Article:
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India’s pharmaceutical logistics sector: navigating challenges, solution and seizing opportunities

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India’s pharmaceutical industry is on a promising path, with a vision to reach a staggering $130 billion by 2030 and $450 billion by 2047, according to a report by Ernst and Young. This growth is fueled by a thriving pharma industry that has already exported over 300 million vaccine doses as of July 2023 and impressive growth with $668.9 million worth of medical devices shipped to the US alone in FY 2022-23. The ambitious goal of 2047 hinges on a robust logistics network, the backbone for delivering critical medical supplies across countries. However, a perfect storm of challenges threatens to disrupt this growth trajectory.

Cost Surge Strains Supply Chain: Sea freight, the lifeblood of pharma logistics due to its affordability, is experiencing a price explosion. The Drewry World Container Index paints a grim picture, with the composite index jumping 11 per cent to a staggering $3,511 per 40-foot container this week alone. This marks a jaw-dropping 104 per cent increase compared to the same period last year. The ripple effects are significant, impacting manufacturers and ultimately pushing healthcare costs upwards for consumers.

Geopolitical Turmoil Disrupts Delivery Timelines: Beyond the cost surge, global instability is throwing a wrench into delivery schedules. The ongoing war in Ukraine, the recent Israel-Hamas conflict, and the Red Sea crisis have sent shockwaves through global supply chains, with the pharma sector feeling the brunt. Pre-pandemic lead times for sea freight from China to India averaged around 10 days. Now, estimates suggest a two-week wait, jeopardising the timely delivery of essential medicines. Adding to the woes, CMA CGM Agencies India has informed customers of delays in vessel berthing due to power issues, further disrupting planned arrivals.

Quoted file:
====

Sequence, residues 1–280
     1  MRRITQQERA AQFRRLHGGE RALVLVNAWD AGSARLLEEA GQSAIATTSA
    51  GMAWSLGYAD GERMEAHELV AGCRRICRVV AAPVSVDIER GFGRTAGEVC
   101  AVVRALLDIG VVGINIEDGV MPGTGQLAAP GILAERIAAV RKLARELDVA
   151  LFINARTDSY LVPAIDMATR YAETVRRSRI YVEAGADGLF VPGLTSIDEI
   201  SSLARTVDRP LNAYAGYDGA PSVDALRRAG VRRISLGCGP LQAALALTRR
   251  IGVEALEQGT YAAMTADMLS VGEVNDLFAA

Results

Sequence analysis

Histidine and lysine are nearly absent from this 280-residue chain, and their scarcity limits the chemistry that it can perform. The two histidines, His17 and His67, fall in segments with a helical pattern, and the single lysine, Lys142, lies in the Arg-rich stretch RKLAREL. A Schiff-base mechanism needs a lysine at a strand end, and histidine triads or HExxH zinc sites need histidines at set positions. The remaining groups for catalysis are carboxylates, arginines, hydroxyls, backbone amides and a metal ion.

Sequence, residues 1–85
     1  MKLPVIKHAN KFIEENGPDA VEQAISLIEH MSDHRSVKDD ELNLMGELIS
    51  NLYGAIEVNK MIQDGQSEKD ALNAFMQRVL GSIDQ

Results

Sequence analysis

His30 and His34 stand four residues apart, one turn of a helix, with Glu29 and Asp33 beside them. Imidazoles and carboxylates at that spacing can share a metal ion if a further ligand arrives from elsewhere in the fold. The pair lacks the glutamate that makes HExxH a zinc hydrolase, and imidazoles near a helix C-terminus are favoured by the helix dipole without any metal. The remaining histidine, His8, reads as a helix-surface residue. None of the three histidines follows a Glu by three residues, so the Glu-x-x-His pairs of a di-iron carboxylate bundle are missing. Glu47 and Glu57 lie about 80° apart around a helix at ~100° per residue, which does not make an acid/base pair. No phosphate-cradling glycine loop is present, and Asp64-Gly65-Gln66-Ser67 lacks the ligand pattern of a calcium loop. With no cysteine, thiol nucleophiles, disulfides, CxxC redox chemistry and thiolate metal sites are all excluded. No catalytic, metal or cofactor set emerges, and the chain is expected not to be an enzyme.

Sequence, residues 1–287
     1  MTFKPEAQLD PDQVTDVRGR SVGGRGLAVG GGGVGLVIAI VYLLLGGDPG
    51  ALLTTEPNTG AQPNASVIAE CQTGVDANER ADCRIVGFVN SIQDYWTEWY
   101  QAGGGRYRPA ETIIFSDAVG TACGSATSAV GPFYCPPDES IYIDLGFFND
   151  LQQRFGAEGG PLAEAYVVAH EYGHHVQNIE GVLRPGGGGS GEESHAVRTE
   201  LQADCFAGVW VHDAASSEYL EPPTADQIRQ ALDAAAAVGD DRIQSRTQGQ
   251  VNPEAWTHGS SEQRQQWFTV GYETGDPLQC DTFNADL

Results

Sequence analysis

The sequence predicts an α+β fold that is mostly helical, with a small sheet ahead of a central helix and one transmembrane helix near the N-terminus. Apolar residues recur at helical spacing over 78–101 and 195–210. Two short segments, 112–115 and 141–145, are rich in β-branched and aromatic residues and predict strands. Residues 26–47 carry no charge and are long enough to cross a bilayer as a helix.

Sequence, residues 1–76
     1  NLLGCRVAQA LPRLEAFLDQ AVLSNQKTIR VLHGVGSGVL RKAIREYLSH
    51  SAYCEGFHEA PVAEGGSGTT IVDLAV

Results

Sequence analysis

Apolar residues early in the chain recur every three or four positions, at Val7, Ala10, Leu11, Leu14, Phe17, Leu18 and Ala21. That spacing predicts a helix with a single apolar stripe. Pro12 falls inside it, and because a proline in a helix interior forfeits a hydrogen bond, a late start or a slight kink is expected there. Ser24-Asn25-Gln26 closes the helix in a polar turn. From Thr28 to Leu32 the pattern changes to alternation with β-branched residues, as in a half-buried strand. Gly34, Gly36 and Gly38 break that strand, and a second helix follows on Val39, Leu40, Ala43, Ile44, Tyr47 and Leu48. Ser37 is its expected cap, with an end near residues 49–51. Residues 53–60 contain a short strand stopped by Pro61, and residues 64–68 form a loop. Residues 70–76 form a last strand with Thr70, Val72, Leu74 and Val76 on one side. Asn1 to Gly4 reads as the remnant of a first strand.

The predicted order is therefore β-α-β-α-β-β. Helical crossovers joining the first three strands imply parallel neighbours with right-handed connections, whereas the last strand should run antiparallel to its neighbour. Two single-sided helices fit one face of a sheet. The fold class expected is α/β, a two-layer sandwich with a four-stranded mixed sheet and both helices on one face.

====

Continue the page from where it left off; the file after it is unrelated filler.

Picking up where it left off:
Container Crunch Creates Bottleneck: Compounding the problem is a global shortage of shipping containers, particularly affecting shipments originating from and to China. This scarcity translates into delays and inflated prices for securing space on cargo ships. The India-US trade route is also feeling the pinch, with container space at a premium due to the ongoing Red Sea crisis.

Volatile Air Freight Adds Uncertainty: While air freight offers a faster solution, its high cost makes it unsuitable for routine deliveries. The current volatility in the Middle East, a crucial airfreight hub, adds another layer of uncertainty to the already strained logistics landscape.

Navigating the Challenges: A Multimodal Approach: Despite these formidable challenges, there are solutions within reach. Experts advocate for a multimodal approach, strategically integrating road, rail, and air freight depending on urgency and cost considerations. This flexibility can ensure efficient and timely deliveries while mitigating reliance on a single, volatile method. Additionally, some logistics companies are offering hybrid Sea/Air solutions to strike a balance between cost and speed. Furthermore, strategic hubs like Dubai can be leveraged for transshipment, a crucial tactic during disruptions like the Red Sea crisis.

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